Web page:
book review · Books

Book Review – Rebel Belle by Rachel Hawkins

Title: Rebel Belle
Author: Rachel Hawkins
Pages: 345
Genre: Young adult – Urban Paranormal/Supernatural
Published by: Putnam Juvenile in 2014
Rating: 🌟🌟🌟🌟

Synopsis from Goodreads:
“Harper Price, peerless Southern belle, was born ready for a Homecoming tiara. But after a strange run-in at the dance imbues her with incredible abilities, Harper’s destiny takes a turn for the seriously weird. She becomes a Paladin, one of an ancient line of guardians with agility, super strength and lethal fighting instincts.

Just when life can’t get any more disastrously crazy, Harper finds out who she’s charged to protect: David Stark, school reporter, subject of a mysterious prophecy and possibly Harper’s least favourite person. But things get complicated when Harper starts falling for him—and discovers that David’s own fate could very well be to destroy Earth.”

My Thoughts:
This book was just awesome. Strong-female, arse-kicking, whole loada awesome. More than anything, it was a fun, light-hearted read and read a bit like a cutesy contemporary novel. But with killer teachers, supernatural powers and a lot of badassery.

First of all, the plot was very nicely paced. Not too fast as to be jumpy, but definitely a quick-paced read. The story was woven together quite cohesively and everything made sense and felt very realistic.

But the main attraction of this novel, and the one thing that absolutely stood out for me, had to be our leading lady, Harper. I completely adored her. She completely defies all stereotypes/clichĂ©s of the popular, girly-girl that is more often than not villainised in YA fiction – “I may like clothes and makeup and shoes, but I am not a bimbo” – and it most certainly does not mean in any way that you are a ‘bitch’ or a ‘slut’ (or whatever the latest phrase is) either. Some authors need to quit with their backwards opinions on women and girls and I applaud Hawkins for not putting Harper in a box and therefore making her one-dimensional, not to mention completely unrealistic. In fact, our protagonist was very well-fleshed out. She was smart, had her priorities in order, refused to let her emotions get in the way and was generally always very level-headed throughout. Harper was also flawed – she was a tad uptight and a little obsessive with her organisation – but this just added more depth to her character, making her seem more human.

Within just a few chapters, Harper had completely won me over. Especially with the following exchange:
“Tell me, Harper, are you going to use your new superpowers to strong-arm some boy into taking you to prom? Or maybe become head cheerleader?”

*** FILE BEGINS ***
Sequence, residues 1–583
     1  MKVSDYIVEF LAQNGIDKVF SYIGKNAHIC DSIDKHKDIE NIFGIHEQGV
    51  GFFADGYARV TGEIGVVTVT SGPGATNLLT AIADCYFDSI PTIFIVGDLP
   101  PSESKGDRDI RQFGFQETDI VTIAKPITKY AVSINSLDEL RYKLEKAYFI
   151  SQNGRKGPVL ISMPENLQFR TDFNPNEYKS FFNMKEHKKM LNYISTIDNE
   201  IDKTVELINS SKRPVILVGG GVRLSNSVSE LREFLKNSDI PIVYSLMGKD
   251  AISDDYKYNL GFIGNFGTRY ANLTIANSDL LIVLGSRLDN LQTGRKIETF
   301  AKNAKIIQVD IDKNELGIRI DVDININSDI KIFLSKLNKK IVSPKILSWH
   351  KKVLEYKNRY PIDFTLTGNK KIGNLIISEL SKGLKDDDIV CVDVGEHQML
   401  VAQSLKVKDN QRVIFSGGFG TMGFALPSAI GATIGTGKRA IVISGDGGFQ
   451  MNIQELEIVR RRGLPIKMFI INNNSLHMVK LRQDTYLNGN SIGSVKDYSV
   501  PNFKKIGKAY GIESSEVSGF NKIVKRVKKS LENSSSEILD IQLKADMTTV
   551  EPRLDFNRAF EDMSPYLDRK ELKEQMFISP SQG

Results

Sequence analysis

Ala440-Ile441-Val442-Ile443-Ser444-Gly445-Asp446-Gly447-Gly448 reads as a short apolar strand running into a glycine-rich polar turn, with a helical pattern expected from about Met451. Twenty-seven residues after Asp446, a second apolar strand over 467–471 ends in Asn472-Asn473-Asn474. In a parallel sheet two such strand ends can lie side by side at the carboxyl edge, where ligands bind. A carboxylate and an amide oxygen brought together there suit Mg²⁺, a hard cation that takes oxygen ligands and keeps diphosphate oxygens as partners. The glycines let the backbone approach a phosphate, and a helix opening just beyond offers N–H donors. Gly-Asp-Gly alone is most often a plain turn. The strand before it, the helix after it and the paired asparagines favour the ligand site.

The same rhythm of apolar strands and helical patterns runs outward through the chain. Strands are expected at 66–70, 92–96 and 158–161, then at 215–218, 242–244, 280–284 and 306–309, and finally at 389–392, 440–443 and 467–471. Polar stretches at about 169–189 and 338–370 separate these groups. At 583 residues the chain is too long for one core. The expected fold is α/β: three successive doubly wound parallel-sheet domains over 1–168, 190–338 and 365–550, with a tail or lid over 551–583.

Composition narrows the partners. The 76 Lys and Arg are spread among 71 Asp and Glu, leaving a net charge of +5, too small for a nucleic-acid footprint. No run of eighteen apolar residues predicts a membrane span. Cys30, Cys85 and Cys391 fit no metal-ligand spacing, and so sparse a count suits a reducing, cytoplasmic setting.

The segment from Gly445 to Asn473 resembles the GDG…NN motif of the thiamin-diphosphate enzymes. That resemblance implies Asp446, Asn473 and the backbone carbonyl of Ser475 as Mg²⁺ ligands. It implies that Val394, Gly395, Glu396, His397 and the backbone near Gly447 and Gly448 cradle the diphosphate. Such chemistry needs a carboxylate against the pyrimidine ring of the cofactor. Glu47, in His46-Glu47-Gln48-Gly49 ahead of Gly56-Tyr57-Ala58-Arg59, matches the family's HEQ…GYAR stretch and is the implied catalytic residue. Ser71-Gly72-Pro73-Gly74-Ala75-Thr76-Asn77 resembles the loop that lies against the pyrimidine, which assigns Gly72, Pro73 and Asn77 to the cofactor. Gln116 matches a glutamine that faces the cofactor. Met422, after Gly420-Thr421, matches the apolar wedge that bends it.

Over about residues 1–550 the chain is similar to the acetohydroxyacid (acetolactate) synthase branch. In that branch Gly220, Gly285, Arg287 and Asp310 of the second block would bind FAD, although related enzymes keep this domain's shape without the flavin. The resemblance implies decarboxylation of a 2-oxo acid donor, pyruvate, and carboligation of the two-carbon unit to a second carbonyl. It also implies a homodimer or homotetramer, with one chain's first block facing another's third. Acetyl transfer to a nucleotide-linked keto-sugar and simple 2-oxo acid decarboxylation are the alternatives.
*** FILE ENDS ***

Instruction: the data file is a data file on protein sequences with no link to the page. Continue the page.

To which Harper replies, “I already am head cheerleader.” And then proceeds to kick him in the jaw. Total badass.

Also, she always makes rational, logical decisions and refuses to sit still and wallow in self-pity – “The only alternative is to sit here and whine about it and I don’t think that’s going to accomplish much.”

And she has her head screwed on completely straight when she stands up for herself with complete calmness – “This was done to me. I didn’t choose this. And so now, I’m choosing not to do it,” and  “not at the expense of my life.” She won’t let a thing like fate or destiny control her life or the decisions that she makes. She puts herself first and no, that is not selfish in the slightest. Young people should be making choices that benefit only themselves. They have their whole lives ahead of them and they shouldn’t be making choices that involve revolving their entire lives around another person. Harper gets this. Harper’s great. She only agrees to it when there’s a good chance that someone else will try to kill her.

Plus, her narration is just hilarious. Particularly her commentary on superhero origins where she thinks she got totally screwed over for her origin story compared to Spiderman or Batman. The way Harper pokes fun at the superhero genre/tropes is a high point in general. You can’t help but love her. She’s terribly endearing.

The dynamic between her and David is so much fun and so interesting to read about. I found their back and forth to be very amusing. David was quite an unusual love interest to read about in the sense that, in YA fiction, we generally only see the Ryan archetype. Not that there’s anything wrong with that necessarily (I really appreciated Ryan as a character and the respect he had for Harper), it’s just quite nice and refreshing to see a different kind of love interest. Their friendship/relationship was just lovely and left me feeling a wee bit gooey inside. And it wasn’t instalove! Hallelujah! It was nice and slow and always felt very genuine and realistic. It was, in a word, charming. Just like everything else in this book.

All in all, I think she’s a great heroine. She shows us that you can do or be x and it not mean only y – it can mean a, b, c, d, etc. By allowing Harper to defy the mould, what we get is a very strong, original character that will not allow others to define her or judge her. Easily one of my new all-time-favourite heroines. I will definitely be carrying on with this series and I can’t wait to pick up the next instalment. Highly recommended to anyone who is tired of the ‘strong female character = physical strength’ archetype and is looking for something refreshing and a little bit different.Stark Reviews Logo